I caught up with Tumbleroot brewer Andy Lane. He had a few thoughts to share about the competition and his beer.

“The IPA challenge in Santa Fe at Tumbleroot went off without a hitch. The beers flowed smoothly and everyone seemed to be very pleased with the service. We were extremely happy to host this event and we look forward to doing so again in years to come!

As for The Keymaster and the votes it took home, I am very pleased with how it is being received. I do wish we were higher in the pack but with this being my my first beer ever entered in the challenge, I am just extremely satisfied that it has been given the chance to compete against some of the biggest and most established beers in the state. That being said, I look forward to next Saturday where I imagine we’ll take home even more votes!”

As far as the results went … That’s a whole ‘nother story.

Yeah, we know, 2009 is quite the typo.

While the event was fun and smoothly-run, almost no one I spoke to was pleased with the results. There were folks from Albuquerque who were surprised “that Elevated hadn’t made it further.” And some Santa Feans certainly thought there would be more support for the Santa Fe beers, what with homefield advantage. But, to be fair, aside from brewers and a few beer geeks that travel to all the events, the crowd was new to me, and I drink here in Santa Fe.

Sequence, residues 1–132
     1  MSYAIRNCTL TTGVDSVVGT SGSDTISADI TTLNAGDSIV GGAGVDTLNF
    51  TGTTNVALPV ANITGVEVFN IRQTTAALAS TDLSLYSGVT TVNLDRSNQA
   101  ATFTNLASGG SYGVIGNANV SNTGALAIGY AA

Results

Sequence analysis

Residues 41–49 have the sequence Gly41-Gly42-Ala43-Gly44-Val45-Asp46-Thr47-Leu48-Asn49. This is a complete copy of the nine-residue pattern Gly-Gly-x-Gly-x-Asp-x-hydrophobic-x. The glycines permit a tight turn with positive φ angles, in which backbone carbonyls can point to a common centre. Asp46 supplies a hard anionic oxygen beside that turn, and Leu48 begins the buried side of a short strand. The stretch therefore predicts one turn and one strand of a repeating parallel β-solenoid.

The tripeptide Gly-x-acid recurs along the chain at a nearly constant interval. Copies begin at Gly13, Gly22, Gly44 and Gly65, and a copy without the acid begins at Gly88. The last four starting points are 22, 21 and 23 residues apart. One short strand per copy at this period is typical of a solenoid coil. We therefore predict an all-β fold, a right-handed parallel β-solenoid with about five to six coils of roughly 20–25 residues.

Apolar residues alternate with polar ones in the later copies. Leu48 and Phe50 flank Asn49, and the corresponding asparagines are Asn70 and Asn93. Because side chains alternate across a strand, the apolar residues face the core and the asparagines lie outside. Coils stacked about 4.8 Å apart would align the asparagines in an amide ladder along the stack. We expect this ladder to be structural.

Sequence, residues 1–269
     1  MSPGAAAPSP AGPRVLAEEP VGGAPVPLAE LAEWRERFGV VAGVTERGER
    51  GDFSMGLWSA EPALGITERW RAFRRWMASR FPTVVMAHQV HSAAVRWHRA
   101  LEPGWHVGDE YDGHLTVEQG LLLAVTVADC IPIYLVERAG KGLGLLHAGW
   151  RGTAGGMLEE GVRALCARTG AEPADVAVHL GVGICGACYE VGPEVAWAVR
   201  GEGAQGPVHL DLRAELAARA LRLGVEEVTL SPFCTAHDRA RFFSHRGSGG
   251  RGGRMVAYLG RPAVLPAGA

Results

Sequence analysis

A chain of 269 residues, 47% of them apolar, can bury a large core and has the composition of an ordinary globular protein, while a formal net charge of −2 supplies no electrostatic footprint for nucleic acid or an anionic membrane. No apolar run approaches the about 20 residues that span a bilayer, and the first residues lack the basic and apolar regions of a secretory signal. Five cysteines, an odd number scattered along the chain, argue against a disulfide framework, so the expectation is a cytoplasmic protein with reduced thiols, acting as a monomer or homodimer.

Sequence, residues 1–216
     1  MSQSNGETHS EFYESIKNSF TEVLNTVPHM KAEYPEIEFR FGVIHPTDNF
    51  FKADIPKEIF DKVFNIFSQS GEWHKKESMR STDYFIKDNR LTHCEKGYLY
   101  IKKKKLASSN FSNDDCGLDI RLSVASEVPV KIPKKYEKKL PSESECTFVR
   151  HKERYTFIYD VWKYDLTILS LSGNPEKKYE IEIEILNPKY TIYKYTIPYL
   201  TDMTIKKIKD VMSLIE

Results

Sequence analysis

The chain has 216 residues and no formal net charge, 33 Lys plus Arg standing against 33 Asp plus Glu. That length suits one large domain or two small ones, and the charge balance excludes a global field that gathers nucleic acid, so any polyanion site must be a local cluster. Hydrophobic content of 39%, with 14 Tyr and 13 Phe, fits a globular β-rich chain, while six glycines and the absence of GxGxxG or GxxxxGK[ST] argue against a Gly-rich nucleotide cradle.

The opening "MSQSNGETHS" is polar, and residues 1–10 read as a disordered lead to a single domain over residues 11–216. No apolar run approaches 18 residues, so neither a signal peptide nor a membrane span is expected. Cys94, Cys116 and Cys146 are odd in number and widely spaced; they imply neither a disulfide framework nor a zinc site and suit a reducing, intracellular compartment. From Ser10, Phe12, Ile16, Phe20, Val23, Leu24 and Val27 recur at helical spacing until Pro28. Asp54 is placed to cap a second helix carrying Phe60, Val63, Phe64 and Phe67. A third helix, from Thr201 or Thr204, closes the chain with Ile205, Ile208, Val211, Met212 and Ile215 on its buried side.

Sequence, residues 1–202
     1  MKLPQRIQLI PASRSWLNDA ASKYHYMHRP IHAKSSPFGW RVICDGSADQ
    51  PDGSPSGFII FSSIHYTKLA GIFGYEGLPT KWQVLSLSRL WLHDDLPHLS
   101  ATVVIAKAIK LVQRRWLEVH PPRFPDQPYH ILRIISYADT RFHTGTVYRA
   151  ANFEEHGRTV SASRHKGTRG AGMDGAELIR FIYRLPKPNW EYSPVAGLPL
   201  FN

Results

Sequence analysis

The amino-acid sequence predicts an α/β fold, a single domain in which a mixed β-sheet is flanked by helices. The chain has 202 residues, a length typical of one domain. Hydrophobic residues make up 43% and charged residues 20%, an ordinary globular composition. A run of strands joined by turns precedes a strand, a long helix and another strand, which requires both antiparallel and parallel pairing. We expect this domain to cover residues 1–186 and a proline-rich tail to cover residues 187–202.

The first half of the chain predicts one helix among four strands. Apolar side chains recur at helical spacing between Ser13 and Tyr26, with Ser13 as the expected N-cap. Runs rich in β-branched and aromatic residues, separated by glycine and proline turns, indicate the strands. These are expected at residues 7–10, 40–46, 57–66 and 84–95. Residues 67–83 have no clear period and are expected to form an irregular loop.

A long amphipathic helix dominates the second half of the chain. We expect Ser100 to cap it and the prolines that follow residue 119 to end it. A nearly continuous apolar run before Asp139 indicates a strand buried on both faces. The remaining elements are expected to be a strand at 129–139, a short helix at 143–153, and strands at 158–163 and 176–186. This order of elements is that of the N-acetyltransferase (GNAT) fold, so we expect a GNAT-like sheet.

Hi, Tom!

The results pretty interesting. I won’t get into which brewery brought what (of course), or who voted for what, but as for my experience, I think some of the mixed results could be attributed to the fact that so many hazy beers were on the list. Personally, at the end of my list, I had very few beers to choose from, simply because I wasn’t going to choose a hazy IPA. No offense to the hazies. I’m not against them. I’ll enjoy them, but they’re not the IPAs I’m looking for. And, this competition is still people’s choice.

Hi, Alanna and Jamie!

It’s the public opinion that matters. And, the public may be leaning in the hazy direction, or that also may just be something that’s happening a lot more, further away from Albuquerque, at venues like Las Cruces, Santa Fe, Taos, etc. In the last two years, the results showed us that the hazy IPA had moved in for good. But, would it stay?